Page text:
Educator's Toolbox
Curriculum for Educators

    Camp EdVenture
    Date: 8/4/2017
    Time: 8:30am – 3:15pm
    Location: Philadelphia University
    (Register early to reserve your spot. Registration is FREE and includes all sessions, light breakfast, lunch, and afternoon snacks and beverages.)

      The Center for Teaching Innovation & Nexus Learning (CTINL) at Philadelphia University and the Center for Teaching & Learning (CTL) and Thomas Jefferson invite you to attend Camp EdVenture.

      Camp EdVenture is an interactive day of exploring course design, active learning and assessment ideas to bring back to your classroom. This will be a place to stretch your imagination, consider new and engaging techniques, and learn more about the power of technologies that supports the learner experience.

      Throughout the course of the day, participants will:
      • apply backward design to construct or revise courses
      • embed assessment tools to quantify students' learning outcomes
      • use a variety of pedagogical tools for engaging students in active, collaborative, authentic learning
      • employ technology tools, including Blackboard, that support the above strategies and tools

      Camp EdVenture
      consists of:
      • Three 45-Minute Morning Sessions
      • Lunch + "Implementables"
      • Afternoon Technology Sessions to Support Learning


      INDIVIDUAL SESSION DESCRIPTIONS
      Rethinking Course Design to Foster Increased Engagement and Deeper Learning
      Sherri Place, Director of Instructional Design and Academic Technology, Philadelphia University
      Mary Gozza-Cohen, Curriculum and Instruction Specialist, Center for Teaching and Learning, Thomas Jefferson University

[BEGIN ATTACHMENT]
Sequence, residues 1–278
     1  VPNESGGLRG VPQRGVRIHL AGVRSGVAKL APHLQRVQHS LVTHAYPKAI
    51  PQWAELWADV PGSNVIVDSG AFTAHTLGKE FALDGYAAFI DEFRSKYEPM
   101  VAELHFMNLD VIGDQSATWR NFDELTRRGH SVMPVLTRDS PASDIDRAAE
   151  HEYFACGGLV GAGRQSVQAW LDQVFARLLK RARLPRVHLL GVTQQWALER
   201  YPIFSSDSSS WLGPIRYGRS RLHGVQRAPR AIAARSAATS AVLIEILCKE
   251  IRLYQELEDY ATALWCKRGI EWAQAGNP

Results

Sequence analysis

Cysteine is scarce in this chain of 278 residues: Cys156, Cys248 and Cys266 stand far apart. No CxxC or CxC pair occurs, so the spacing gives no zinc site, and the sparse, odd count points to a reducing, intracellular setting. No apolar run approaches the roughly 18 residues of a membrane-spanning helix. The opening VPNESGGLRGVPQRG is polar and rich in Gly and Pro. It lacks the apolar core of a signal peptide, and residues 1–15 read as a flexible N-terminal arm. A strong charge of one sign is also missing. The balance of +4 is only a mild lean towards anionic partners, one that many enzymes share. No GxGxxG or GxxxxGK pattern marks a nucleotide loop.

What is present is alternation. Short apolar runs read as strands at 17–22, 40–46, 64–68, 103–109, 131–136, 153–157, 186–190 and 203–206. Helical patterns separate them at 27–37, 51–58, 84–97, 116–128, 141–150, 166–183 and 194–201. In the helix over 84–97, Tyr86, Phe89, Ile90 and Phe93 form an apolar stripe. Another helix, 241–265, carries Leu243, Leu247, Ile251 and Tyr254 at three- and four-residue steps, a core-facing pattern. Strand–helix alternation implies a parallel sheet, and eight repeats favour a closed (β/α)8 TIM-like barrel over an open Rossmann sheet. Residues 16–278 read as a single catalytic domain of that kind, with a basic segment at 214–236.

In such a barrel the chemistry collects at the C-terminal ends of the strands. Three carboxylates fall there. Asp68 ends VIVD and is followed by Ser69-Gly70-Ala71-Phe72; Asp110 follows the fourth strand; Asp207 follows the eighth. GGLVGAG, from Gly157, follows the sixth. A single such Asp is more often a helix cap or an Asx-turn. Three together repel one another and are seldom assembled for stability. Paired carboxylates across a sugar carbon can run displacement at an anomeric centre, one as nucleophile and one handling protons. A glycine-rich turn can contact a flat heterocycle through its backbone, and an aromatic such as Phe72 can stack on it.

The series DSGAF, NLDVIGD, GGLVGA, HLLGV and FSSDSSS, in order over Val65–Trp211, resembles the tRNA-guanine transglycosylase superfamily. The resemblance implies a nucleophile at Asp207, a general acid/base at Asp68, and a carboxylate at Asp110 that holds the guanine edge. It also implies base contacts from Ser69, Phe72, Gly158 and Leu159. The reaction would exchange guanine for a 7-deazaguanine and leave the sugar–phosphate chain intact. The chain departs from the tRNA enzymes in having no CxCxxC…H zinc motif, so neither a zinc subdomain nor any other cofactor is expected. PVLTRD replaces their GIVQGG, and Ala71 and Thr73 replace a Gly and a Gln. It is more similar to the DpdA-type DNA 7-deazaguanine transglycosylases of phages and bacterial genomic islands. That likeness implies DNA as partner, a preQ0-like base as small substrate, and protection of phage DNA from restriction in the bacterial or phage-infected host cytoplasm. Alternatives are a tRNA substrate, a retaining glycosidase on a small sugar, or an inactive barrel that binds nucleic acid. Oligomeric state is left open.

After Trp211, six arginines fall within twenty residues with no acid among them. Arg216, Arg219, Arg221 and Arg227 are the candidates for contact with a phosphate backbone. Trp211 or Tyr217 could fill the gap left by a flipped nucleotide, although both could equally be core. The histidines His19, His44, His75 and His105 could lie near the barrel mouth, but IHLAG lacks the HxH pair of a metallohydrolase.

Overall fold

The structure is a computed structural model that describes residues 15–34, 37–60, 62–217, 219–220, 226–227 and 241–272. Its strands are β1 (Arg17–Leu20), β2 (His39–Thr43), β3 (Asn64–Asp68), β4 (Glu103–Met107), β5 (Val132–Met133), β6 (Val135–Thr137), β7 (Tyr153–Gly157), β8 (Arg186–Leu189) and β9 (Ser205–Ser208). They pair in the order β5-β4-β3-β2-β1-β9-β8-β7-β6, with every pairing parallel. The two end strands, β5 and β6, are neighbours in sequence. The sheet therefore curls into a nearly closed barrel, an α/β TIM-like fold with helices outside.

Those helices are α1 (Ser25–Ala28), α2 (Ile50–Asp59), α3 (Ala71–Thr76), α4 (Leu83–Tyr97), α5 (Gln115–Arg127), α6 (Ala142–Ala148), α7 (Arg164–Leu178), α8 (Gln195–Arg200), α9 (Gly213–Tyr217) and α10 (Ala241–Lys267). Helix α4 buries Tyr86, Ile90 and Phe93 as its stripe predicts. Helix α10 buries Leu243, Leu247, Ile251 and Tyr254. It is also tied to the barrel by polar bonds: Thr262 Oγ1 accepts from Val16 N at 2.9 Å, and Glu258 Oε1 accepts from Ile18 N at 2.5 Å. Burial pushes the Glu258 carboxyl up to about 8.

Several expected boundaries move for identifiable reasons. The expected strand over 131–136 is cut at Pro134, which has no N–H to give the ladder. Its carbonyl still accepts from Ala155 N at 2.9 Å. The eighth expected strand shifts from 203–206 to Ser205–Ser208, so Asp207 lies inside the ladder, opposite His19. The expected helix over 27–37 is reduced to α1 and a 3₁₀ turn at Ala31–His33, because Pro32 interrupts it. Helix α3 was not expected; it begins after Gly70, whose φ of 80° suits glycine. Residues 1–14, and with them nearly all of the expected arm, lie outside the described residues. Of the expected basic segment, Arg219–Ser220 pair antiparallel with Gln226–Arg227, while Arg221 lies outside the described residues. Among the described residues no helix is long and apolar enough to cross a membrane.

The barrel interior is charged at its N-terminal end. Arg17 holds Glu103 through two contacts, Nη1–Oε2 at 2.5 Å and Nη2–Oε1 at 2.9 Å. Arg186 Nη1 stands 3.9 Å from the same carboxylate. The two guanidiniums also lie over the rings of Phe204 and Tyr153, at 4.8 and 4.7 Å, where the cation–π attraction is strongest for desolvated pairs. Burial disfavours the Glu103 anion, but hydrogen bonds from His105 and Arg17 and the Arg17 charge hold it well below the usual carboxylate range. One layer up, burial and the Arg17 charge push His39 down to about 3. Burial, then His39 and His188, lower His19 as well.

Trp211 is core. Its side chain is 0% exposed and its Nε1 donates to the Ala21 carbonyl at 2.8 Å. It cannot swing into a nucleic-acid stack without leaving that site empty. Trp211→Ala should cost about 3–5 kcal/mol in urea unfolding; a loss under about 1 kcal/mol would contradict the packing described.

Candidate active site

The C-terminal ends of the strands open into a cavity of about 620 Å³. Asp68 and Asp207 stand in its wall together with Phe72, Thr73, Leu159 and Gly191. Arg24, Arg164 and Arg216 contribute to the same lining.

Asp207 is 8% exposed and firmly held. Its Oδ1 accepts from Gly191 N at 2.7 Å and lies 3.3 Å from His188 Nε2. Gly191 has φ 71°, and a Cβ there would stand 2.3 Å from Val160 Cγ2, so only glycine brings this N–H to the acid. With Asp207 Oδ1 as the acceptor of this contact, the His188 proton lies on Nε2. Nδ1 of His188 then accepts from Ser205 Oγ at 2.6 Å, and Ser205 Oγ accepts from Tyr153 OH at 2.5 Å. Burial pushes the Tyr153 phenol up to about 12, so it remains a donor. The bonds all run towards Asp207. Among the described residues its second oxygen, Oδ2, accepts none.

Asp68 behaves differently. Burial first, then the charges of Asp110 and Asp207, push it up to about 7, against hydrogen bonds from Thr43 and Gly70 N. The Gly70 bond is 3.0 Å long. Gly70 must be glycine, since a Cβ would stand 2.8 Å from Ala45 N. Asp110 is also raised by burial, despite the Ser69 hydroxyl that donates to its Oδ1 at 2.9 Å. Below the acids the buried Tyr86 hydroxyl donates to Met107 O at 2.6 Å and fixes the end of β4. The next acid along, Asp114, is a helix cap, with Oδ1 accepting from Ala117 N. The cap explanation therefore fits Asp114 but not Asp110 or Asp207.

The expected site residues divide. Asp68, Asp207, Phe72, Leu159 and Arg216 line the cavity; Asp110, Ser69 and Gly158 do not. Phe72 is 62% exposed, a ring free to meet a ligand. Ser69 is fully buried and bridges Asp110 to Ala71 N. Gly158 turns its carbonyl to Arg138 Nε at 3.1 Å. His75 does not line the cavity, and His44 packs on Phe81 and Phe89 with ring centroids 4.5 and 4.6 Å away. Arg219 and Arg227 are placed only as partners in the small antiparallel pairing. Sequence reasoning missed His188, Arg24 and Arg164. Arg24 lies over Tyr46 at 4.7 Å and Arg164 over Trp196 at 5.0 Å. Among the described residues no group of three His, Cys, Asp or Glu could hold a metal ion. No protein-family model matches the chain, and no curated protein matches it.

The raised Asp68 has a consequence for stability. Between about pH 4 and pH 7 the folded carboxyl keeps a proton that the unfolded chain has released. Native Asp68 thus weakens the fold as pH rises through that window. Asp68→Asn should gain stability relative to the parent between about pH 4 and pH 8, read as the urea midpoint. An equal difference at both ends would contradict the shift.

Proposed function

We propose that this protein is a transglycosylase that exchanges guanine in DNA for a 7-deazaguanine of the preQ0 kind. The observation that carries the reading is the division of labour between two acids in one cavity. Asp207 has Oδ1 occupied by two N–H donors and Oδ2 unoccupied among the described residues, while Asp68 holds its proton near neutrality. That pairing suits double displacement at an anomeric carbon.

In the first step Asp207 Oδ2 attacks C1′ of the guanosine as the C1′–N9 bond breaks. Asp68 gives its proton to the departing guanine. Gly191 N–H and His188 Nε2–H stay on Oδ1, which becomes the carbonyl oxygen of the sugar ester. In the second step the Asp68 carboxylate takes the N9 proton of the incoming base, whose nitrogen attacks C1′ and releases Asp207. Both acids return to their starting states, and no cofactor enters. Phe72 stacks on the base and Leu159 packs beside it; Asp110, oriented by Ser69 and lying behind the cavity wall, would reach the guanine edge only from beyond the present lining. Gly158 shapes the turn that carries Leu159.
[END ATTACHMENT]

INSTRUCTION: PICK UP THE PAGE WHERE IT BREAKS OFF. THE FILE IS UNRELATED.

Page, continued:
Rethinking how you approach course design helps create courses that stick with students long after the course ends. By identifying what it is we really want students to be able to know, do, or value, we can build instructional experiences that not only sustain active, engaged learning but also allow students opportunities to connect course concepts with their personal and professional lives.

      By the end of this workshop, you will be able to:
      • Identify situational factors that affect course design
      • Identify where programmatic and course objectives intersect with your instructional goals
      • Develop next steps in rethinking your course design

      To get the most out of this workshop, please bring the syllabus of a course you’d like to rethink. You may also wish to bring a laptop or other device.

      Assessment: Not Just Another "A" Word
      Julie Philips, Assistant Director of the Center for Teaching and Learning, Thomas Jefferson University

      Assessment is essential to teaching and learning for learners and faculty alike. Assessment documents learners’ mastery of course material and competencies and also provides insight into one’s teaching practice. This session provides an introduction to the assessment process as it is grounded in the classroom. The session focuses on developing a shared vocabulary of assessment and three essential elements (timeliness, frequency, and tone). The workshop addresses the three elements as they apply to both formative and summative assessment. In this session, participants will apply the presented material to a specific course goal or objective, brainstorm potential formative and summative opportunities for learners and consider ways to integrate learning technologies such as rubrics, low-stakes Blackboard testing or surveys to facilitate learning.